Lawn Mowing Patterns Techniques

Lawn Mowing Patterns Techniques, Tips and Tricks

Let’s be honest … mowing the lawn can become such a monotonous chore. This is especially true if you’re finding that you have to mow more often than usual to maintain an acceptable grass height during a growth spurt. In this article I’ll cover some lawn mowing patterns, techniques, tips, and tricks that will help you take your lawn’s appearance to the next level.

Mowing along the same path each time you mow your lawn is not only boring, but it can be harmful to your lawn for a couple of reasons.

Firstly, mower wheels passing over the same spots every time can create ruts or bald patches in your lawn.

Secondly, when you mow in a certain direction, the grass leans that way (this is what creates patterns). If you continue to mow along the same pattern then the grass will continue to grow in that direction.

Different lawn mowing patterns change up the routine and also provide a more beautiful landscape for photos or even just for your own enjoyment.

Lawn Mowing Patterns Techniques and Designs You'll Love

Implementing simple lawn mowing patterns and techniques doesn’t require any extra effort that you aren’t already undertaking by mowing the lawn, but may require a little forethought and visual planning right before you begin.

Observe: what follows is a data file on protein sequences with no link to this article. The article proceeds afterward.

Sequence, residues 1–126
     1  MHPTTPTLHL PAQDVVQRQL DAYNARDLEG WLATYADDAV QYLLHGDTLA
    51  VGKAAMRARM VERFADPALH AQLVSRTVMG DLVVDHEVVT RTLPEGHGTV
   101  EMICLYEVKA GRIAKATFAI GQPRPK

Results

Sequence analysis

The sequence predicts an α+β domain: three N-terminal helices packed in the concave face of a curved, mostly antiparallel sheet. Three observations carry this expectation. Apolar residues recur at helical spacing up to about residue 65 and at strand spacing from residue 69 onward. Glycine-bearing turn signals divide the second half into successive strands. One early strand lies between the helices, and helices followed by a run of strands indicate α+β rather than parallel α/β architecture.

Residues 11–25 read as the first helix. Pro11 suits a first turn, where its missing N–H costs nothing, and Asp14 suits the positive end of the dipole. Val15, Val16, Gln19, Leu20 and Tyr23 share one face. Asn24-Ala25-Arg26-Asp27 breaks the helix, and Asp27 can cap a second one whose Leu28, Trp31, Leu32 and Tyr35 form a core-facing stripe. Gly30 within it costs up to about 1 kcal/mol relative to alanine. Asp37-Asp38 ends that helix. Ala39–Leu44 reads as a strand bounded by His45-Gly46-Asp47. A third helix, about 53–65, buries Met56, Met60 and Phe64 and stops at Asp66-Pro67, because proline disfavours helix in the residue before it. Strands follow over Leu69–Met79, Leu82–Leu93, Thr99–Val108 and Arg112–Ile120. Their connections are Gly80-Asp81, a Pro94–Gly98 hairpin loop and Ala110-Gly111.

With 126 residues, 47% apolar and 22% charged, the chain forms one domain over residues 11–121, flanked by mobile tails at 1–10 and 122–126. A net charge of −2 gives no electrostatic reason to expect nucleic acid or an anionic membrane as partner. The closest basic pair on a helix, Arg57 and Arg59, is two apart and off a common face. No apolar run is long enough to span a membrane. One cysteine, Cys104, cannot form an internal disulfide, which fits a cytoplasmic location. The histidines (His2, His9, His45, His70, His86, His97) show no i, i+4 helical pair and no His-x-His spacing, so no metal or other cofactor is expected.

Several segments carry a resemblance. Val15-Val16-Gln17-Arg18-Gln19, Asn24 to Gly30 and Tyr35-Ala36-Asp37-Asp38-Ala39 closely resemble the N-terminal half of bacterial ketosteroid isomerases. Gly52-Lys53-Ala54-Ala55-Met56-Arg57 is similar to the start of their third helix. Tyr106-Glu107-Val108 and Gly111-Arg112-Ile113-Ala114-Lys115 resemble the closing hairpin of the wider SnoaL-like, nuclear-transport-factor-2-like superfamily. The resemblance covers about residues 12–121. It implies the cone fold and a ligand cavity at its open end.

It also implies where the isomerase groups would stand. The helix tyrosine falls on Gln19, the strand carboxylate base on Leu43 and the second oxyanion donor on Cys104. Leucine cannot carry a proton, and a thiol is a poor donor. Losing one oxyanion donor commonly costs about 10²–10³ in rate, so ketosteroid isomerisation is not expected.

The added benefit to choosing to mow with a particular lawn pattern in mind, is that they can often hide imperfections like weeds and bald spots. It’s the easiest way to improve the over-all appearance of your lawn.

The first rule of mowing is: never pull a running mower towards you like you would with a vacuum cleaner. If you were to fall backwards at the same time or even just pull the mower back a little too close to your toes, you could end up with a mower blade on your foot!

Playing with Light

The patterns you see in a perfectly mowed lawn are just a manipulation of the way light reflects on a blade of grass.

A blade bent towards you will look darker while a blade bent away from you will look lighter. For this reason, it is best to set the blade in your mower to a very tall height so that you are only trimming the tip of the blade of grass. You will achieve more definition with a longer blade of grass. Shorter blades of grass will not bend as well.